Of course, slowing down data speeds enough will inspire – some would say force – customers to spend more money for larger data plans.

For many, their data plans may be still be unlimited, but try driving 65mph in bumper-to-bumper traffic. Not so easy. Who would have thought that in a few short years – and to some extent, only within the past year – that our digital skies would become as congested as our roadways?

And if you thought the challenges are smartphone-centric, think again.

While they tend to receive less notoriety, the relatively infant-like tablets – only in terms of their age, mind you – are rapidly learning how to play the mobile game too.

In Australia, a recent study by Telsyte found that about half of all Australians will be using a tablet by 2016.

Another study by Cisco Systems estimates that by that same year 2016 the number of mobile-Internet-connected devices will reach 10 billion with mobile traffic data of 10.8 exabytes a month, or a billion gigabytes.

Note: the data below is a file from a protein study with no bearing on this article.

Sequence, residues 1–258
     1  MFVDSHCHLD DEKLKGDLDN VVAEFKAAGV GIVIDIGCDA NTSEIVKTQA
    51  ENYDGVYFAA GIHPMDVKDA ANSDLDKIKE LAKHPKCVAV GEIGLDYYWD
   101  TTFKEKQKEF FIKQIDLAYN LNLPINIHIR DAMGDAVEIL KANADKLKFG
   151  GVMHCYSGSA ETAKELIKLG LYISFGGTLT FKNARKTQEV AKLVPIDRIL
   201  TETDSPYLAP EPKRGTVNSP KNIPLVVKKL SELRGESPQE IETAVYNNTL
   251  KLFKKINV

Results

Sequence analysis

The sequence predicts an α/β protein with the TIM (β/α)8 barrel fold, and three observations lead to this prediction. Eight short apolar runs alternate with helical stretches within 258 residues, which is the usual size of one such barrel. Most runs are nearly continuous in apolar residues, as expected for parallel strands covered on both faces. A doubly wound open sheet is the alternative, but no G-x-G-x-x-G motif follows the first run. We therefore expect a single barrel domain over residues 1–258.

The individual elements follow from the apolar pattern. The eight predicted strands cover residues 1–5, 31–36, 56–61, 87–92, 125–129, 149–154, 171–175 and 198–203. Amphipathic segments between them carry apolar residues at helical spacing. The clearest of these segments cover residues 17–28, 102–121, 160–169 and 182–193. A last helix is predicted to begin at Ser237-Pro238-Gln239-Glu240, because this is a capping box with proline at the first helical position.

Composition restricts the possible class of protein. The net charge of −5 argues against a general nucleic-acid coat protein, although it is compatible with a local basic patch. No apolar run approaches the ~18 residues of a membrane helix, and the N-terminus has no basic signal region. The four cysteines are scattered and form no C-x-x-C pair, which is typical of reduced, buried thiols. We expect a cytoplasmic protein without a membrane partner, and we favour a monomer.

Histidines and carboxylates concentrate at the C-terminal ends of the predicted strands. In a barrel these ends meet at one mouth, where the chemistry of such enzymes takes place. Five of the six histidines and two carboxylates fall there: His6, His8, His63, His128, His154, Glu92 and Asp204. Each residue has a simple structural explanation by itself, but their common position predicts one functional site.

Think about that.

In less than 1,500 days, these staggering data usage estimates could be facts – or, as has been shown repeatedly in the realm of mobile, low-balling what actually comes to pass.

So where do mobile marketers go from here?
It is clear that mobile is lightning fast – minus the throttling – and getting cheaper all the time, again minus finicky data plans. It is changing the way we consume media, socialize and, for all intents and purposes, live.

But for all the talk of mobile’s march on humanity, how many mobile marketing campaigns have we seen that are truly turning heads and fully capitalizing on these trends?

The answer is not too many.

And marketers, it is not easy.

As evidenced by the rapid changes facing all of us in the digital realm, it would be unfair to throw all marketers under the proverbial bus.